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Metro home price index down 0.7%

March 28, 2007|From Times Staff and the Associated Press

Prices of single-family homes across the nation depreciated in January compared with the same month last year, the worst results in more than 13 years, a housing index released Tuesday by Standard & Poor's showed.

The S&P/Case-Shiller composite index showed a drop of 0.7% from a year earlier in the price of a single-family home based on existing homes tracked over time in 10 metropolitan markets. In January 1994 the index dropped by 0.9%, compared with a year earlier, S&P said.

For its 20-city composite index, prices fell 0.2%. Those data have been collected since 2001.

On a year-over-year basis, 11 of the 20 cities in the S&P index showed negative annual returns in their prices. Among California cities tracked by the index, San Diego prices fell 4.2% while San Francisco posted a 1.4% decline. Los Angeles posted a 1% gain.

All cities in the survey, except for Charlotte, N.C., showed either flat or negative returns in January when compared with December. Los Angeles fell 0.5%, San Diego dropped 0.4% and San Francisco declined 0.2%.

MacroMarkets Chief Economist Robert Shiller said the composites clearly showed the dire state of the real estate market across the nation.

"The dismal growth in the 10-city composite is now at rates not seen since January 1994," Shiller said in a statement.

The downward trend is reflected in data across the nation. Certain cities such as San Diego, Detroit, Boston, Phoenix and Tampa, Fla., have done worse. Seattle and Portland, Ore., meanwhile, show some resistance to the downturn.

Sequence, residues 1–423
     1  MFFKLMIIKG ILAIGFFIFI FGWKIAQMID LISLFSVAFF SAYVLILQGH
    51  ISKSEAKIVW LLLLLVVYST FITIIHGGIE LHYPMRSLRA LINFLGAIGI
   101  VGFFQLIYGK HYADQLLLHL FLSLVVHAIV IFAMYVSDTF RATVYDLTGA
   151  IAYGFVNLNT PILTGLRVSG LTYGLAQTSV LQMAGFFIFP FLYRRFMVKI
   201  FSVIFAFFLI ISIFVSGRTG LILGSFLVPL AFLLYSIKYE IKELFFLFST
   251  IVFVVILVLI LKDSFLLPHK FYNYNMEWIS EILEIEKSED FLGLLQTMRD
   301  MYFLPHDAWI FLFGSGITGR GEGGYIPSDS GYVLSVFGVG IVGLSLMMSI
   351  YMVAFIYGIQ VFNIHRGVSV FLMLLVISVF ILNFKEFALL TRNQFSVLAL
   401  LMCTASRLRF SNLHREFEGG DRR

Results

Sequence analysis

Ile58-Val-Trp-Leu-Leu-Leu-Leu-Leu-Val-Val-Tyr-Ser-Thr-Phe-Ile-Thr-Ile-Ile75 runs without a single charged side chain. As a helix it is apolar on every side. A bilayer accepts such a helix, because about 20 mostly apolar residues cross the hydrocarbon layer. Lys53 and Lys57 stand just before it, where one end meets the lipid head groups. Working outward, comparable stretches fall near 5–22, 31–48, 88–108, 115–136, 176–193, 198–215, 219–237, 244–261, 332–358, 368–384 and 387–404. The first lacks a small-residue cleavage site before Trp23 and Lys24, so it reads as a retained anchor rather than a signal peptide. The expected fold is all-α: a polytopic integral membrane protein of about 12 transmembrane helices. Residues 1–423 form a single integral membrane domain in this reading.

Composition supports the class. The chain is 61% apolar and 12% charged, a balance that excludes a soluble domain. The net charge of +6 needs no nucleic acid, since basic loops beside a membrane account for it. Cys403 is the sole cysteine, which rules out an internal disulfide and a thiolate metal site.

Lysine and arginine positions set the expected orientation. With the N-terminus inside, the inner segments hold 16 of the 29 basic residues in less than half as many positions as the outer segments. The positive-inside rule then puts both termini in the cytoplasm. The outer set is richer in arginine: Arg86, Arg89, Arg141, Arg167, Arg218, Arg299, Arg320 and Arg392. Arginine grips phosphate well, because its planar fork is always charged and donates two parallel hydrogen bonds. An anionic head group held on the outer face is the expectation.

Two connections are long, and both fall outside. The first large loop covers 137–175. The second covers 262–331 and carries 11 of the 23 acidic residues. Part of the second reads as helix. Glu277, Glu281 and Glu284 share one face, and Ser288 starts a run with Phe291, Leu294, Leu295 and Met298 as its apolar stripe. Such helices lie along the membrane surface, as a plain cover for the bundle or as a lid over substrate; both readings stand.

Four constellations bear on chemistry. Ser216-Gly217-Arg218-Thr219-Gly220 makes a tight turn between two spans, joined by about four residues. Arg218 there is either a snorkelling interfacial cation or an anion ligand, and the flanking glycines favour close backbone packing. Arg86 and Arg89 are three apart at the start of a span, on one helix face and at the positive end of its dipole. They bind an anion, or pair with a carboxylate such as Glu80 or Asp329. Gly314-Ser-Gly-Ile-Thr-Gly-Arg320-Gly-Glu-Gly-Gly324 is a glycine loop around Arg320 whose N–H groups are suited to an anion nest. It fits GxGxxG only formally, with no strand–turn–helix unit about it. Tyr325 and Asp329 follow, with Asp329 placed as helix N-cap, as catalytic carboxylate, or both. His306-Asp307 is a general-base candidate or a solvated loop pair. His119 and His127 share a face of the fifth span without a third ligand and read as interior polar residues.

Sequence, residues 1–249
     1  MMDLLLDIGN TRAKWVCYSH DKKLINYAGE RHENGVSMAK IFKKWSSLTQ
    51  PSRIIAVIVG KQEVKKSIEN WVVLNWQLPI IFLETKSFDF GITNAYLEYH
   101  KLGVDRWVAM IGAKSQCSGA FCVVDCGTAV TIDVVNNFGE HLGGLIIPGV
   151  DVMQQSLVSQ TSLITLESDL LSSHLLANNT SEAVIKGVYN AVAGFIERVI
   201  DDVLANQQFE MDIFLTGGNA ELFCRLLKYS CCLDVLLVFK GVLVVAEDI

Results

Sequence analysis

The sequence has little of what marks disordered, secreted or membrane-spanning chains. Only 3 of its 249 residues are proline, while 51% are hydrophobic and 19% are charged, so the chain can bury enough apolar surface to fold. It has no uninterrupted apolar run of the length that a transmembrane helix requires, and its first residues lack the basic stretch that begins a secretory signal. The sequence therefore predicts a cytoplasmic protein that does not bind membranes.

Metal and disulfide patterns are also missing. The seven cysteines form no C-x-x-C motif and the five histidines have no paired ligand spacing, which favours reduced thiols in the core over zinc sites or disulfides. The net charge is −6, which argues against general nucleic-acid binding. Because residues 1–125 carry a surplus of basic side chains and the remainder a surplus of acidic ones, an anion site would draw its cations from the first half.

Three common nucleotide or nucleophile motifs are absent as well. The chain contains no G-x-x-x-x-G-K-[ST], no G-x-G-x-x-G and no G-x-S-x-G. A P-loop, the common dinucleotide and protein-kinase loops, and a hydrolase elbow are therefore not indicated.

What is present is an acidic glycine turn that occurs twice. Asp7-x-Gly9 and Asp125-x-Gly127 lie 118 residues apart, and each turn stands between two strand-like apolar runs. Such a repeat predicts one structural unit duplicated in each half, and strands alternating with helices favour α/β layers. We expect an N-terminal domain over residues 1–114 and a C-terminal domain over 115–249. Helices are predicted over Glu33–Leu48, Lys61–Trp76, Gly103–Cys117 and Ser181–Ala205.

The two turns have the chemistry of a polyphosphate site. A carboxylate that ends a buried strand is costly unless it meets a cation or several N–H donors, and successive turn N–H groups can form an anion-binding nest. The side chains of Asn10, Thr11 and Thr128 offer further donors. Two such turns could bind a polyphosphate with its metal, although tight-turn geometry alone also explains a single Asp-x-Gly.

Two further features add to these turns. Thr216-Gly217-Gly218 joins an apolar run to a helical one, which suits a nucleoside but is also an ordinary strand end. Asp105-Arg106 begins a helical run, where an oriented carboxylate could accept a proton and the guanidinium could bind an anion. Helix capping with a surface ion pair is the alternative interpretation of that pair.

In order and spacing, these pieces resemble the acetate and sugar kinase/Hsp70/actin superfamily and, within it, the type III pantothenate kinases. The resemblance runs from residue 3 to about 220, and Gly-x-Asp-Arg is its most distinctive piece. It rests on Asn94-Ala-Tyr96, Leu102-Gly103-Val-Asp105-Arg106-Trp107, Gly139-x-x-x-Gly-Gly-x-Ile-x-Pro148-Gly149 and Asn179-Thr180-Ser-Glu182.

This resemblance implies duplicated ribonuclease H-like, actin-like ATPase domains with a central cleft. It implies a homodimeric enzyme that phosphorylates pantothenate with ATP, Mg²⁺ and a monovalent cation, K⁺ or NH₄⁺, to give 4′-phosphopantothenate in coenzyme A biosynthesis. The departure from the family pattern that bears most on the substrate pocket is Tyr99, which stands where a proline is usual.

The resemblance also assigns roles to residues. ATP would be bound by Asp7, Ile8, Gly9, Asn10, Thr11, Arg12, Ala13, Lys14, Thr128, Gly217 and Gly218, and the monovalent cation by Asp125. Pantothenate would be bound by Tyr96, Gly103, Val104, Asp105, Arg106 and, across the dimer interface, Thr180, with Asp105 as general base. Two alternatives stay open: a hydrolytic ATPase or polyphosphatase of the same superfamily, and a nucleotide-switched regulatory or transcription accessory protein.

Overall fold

Federal Reserve governors watch housing as an indicator of the health of the overall economy. Economists fret that the slump in housing will drag down growth as the slowdown affects consumer spending and the construction industry.

Last Wednesday, Fed governors kept the benchmark interest rate at 5.25%, which means that the prime interest rate used by commercial banks will stay at 8.25%. It was the sixth meeting in a row at which the Fed has held interest rates steady.



All over the map

January index of home prices in 20 metropolitan areas

*--* Change since Dec. '06 Jan. '06 Seattle 0% +11.1% Portland, Ore. -0.3 +8.7 Charlotte, N.C. +0.4 +7.9 Miami -0.5 +4.2 Atlanta -0.3 +2.3 Chicago 0 +2.2 Los Angeles -0.5 +1.0 Dallas -0.8 +0.5 Las Vegas -0.5 0 Tampa, Fla. -0.9 -0.1 Phoenix -0.6 -0.7 Minneapolis -0.6 -0.9 New York -0.8 -0.9 Denver -0.9 -1.1 San Francisco -0.2 -1.4 Cleveland -0.7 -2.7 Washington -1.0 -3.9 San Diego -0.4 -4.2 Boston -1.2 -5.6 Detroit -1.3 -6.9


Source: Standard & Poor's

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